The Achilles’ Heel
On the 6th of this month, the U.S. House of Representatives passed a $ 38 billion spending bill for the Department of Homeland Security. Noticeably absent was the much-discussed amendment that would require the scanning of 100 percent of all incoming cargo containers. It wasn’t even offered by its proponents because it was known ahead of time that there was no chance of acceptance. The same group of politicians that saw apocalyptic consequences in DP World’s acquisition of U.S. port assets earlier this year don’t seem at all concerned about the real threat to our container terminals, the nation’s acknowledged Achilles’ heel.
Here’s what doesn’t pass the smell test;
– In a recent public bulletin, Customs and Border Protection requested carriers and terminal operators to “provide immediate notification to CBP when stowaways and/or any evidence of stowaway smuggling is detected, to include the detection of stowaway activities within a container or in a vessel’s cargo hold area”. A similar bulletin had been issued to vessel masters and agents in November of 2005. [But $ 648 million for container scanning was eliminated by Congress, even though dozens of stowaways, on a number of occasions, have been seen scurrying from landed containers.]
– We’re expending money and shedding blood in an effort to contend with threats from foreign nationals in foreign lands, but we feel no threat from cargo container stowaways, some of whom undoubtedly escape unnoticed after landing in our terminals. [Yet we’re spending $ 40 million for the Transportation Workers Identification Credential because we feel threatened by the 750,000 American transportation workers here at home.]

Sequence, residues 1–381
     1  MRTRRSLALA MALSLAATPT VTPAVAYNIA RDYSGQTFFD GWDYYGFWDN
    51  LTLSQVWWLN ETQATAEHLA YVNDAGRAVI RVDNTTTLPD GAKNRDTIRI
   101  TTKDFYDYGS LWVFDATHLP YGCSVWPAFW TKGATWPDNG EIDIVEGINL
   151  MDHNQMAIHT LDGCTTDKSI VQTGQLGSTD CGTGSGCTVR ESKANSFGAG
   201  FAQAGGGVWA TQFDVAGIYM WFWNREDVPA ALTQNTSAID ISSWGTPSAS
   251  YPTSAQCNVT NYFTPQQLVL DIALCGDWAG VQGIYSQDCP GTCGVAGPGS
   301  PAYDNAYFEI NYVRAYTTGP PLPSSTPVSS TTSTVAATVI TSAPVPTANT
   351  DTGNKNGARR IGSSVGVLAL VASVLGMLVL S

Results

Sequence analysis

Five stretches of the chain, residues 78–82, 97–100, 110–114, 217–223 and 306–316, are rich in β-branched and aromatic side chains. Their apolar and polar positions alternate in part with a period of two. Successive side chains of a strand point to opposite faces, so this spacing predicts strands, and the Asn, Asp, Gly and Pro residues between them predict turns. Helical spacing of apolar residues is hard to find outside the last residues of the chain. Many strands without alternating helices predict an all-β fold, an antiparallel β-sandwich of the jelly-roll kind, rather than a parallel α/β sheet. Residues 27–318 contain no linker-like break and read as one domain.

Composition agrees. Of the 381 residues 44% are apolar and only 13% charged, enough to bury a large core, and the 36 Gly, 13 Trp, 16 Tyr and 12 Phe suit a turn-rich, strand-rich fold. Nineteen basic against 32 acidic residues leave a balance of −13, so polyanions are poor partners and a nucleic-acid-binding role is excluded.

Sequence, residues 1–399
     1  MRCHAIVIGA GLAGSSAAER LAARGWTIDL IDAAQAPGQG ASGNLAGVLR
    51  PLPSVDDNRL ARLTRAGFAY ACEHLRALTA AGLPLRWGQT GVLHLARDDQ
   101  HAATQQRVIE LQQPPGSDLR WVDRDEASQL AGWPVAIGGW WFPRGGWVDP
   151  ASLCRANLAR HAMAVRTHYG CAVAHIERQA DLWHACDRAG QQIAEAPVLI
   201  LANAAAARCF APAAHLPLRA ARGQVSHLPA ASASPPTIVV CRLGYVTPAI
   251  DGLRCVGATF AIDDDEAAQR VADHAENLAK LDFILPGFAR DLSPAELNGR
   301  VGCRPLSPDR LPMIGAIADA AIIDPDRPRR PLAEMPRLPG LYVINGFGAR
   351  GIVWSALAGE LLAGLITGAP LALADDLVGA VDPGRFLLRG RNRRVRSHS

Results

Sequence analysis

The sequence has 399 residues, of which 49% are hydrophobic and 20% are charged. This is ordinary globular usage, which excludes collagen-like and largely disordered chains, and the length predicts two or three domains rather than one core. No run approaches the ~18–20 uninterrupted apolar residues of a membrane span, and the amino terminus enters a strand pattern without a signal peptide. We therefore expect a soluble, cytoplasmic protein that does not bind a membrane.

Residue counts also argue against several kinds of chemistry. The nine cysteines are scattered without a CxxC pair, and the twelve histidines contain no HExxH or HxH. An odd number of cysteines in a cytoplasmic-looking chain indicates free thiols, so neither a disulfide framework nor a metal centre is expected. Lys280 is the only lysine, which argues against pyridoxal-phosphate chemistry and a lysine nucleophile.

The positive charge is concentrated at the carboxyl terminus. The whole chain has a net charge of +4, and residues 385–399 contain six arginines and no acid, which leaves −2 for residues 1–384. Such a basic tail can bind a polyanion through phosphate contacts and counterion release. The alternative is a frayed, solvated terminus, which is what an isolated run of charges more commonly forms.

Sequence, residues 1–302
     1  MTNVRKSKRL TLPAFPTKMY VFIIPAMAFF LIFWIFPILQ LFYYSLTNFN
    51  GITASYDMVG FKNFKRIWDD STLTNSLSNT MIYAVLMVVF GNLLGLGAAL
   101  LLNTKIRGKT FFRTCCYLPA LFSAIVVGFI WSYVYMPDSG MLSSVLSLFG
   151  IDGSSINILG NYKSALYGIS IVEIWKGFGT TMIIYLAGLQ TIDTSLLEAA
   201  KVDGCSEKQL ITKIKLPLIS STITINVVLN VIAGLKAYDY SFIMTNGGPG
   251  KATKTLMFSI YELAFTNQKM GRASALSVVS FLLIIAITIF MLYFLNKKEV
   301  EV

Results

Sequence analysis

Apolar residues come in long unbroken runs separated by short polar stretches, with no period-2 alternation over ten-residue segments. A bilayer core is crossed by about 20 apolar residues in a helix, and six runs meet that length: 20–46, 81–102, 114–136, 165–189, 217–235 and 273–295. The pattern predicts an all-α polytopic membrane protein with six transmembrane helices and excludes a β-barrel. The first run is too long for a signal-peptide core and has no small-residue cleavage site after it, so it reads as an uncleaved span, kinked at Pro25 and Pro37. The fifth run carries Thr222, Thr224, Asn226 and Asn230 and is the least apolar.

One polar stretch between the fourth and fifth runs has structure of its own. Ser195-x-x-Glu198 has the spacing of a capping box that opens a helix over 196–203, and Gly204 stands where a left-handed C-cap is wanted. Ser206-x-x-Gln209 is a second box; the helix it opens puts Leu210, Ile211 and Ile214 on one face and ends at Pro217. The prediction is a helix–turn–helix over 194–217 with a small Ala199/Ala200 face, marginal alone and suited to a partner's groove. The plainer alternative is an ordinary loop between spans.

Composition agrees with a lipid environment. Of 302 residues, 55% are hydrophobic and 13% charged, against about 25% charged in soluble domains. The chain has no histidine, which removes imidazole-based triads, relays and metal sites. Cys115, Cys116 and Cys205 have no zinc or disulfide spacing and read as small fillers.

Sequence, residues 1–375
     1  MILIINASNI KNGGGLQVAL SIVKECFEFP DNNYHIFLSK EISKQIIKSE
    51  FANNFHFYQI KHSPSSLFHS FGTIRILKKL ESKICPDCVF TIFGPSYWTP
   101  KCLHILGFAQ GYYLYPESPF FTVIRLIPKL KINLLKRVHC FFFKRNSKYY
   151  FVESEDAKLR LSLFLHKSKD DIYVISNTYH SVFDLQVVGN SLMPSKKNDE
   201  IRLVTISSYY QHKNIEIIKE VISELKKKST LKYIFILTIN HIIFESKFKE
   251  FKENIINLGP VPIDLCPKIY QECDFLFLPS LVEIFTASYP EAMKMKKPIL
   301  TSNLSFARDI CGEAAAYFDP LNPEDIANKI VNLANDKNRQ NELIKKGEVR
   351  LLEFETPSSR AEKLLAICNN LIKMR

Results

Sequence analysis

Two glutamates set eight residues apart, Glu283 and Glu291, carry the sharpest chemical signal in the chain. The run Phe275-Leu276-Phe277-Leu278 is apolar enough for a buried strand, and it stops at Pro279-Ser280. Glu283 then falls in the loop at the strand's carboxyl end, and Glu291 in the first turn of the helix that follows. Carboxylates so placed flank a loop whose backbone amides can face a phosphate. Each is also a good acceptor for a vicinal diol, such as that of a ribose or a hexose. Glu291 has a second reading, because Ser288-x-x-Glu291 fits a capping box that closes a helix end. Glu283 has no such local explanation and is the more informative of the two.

– We’re spending almost $ 900 million for the Coast Guard Deepwater vessel replacement program and more than $ 70 million for the Customs-Trade Partnership Against Terrorism. [But next to nothing for container scanning, practically speaking, even though dozens of stowaways and contraband regularly elude detection by the Coast Guard and the C-TPAT.]
– Clark Ervin, the former inspector general of the Homeland Security Department, points out that although some strides have been made by investing almost $ 20 billion in aviation security, in the area of container port security the government is inspecting only 6 percent of the containers entering the country’s ports. In fact the highly-touted Automated Targeting System that the CBP uses to determine which cargo containers should be inspected is flawed, he insists. “All the experts agree that the likeliest way for a terrorist to sneak a weapon of mass destruction into our country would be through one of the 26,000 cargo containers that come into our 361 seaports every single day,” Mr. Ervin stated. [Why then, are we deliberately exposing our most vulnerable flanks … those seaports?]
Makes you wonder about the remarks Senator Byrd inserted in the Congressional Records, doesn’t it?